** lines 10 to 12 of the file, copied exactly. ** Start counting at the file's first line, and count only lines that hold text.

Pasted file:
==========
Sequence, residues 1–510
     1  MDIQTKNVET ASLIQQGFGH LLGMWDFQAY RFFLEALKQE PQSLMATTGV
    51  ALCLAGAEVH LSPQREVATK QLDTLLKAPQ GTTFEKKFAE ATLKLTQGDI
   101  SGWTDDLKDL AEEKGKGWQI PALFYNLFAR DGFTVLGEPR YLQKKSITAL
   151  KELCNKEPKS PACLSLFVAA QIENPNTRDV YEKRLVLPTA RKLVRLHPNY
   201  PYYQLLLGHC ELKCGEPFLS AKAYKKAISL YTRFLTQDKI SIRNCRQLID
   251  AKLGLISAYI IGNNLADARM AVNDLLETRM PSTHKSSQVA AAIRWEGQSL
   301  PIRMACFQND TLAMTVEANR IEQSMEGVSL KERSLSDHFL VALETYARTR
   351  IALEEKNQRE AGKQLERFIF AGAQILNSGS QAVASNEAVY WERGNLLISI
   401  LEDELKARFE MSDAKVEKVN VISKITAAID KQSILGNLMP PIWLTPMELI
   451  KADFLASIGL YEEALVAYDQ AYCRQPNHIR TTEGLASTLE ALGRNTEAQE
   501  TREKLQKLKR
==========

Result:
   401  LEDELKARFE MSDAKVEKVN VISKITAAID KQSILGNLMP PIWLTPMELI
   451  KADFLASIGL YEEALVAYDQ AYCRQPNHIR TTEGLASTLE ALGRNTEAQE
   501  TREKLQKLKR